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Please use this identifier to cite or link to this item: http://apo.ansto.gov.au/dspace/handle/10238/850

Title: Heavy water production - a review of processes.
Authors: Levins, DM
Issue Date: Sep-1970
Publisher: Australian Nuclear Science and Technology Organisation
Abstract: Methods of heavy water production are examined in detail. Processes based on chemical exchange have the greatest potential for further development but distillation, electrolytic and chromatographic methods are also discussed. In the immediate future most of the world output of heavy water will be produced by hydrogen sulphide/water exchange (the GS process) but there is limited scope for further reduction in GS production costs. Recent advances in process development make the ammonia/hydrogen route an attractive alternative since the enrichment obtainable in each stage is greater while the energy consumption is less. A variation of the ammonia/hydrogen scheme involving the use of amines as additives to, or substitutes for ammonia also appears promising. The greatest obstacle to the development of either the ammonia/hydrogen or amine/hydrogen schemes on a large scale is the limitation on the supply of hydrogen. Ammonia synthesis gas is currently the most plentiful supply available but 1500 tonnes/day of ammonia capacity is needed for each 100 tonnes of heavy water produced annually. Unlimited production could be achieved using an equilibration stage in which hydrogen depleted in deuterium is exchanged with water at high temperature. The economics of this scheme depend on the development of a satisfactory catalyst for water/hydrogen equilibration. Distillation of water, methane and hydrogen have been proposed as economic routes to heavy water production but design studies and experimental data would need to be clarified if optimistic forecasts are to be substantiated. Processes based on chromatography or selective adsorption have received scant attention in the past. Many problems would need to be overcome before such processes could be adapted to large scale production of heavy water, but in view of recent advances in plant scale chromatography, they should be re-examined.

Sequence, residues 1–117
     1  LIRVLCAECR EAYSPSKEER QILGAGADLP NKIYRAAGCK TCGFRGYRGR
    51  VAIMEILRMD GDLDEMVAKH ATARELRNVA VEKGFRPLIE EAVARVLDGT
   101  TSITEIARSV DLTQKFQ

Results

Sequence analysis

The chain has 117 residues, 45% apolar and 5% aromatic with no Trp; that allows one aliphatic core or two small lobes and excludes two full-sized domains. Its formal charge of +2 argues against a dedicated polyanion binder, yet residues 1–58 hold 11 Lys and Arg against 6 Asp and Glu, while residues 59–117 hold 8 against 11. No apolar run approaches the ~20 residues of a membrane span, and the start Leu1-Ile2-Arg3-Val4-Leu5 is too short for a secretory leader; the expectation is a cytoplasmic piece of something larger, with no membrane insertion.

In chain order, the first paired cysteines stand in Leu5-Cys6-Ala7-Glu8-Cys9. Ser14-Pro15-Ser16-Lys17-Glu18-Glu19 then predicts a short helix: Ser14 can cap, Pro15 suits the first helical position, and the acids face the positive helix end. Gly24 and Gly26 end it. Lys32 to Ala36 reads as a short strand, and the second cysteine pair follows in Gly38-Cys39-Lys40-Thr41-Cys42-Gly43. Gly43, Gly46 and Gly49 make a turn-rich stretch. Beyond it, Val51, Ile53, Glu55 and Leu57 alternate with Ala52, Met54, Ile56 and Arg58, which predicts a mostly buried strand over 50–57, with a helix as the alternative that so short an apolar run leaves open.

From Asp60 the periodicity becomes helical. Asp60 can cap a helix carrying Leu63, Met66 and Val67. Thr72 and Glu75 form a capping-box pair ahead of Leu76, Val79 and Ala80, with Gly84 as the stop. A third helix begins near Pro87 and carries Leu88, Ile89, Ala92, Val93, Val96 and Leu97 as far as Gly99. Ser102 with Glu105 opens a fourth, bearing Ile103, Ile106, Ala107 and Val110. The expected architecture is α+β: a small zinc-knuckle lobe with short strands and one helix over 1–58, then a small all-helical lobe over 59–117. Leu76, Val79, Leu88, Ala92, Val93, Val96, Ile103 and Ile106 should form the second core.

URI: http://apo.ansto.gov.au/dspace/handle/10238/850
ISBN: 0642993769
Appears in Collections:Scientific and Technical Reports

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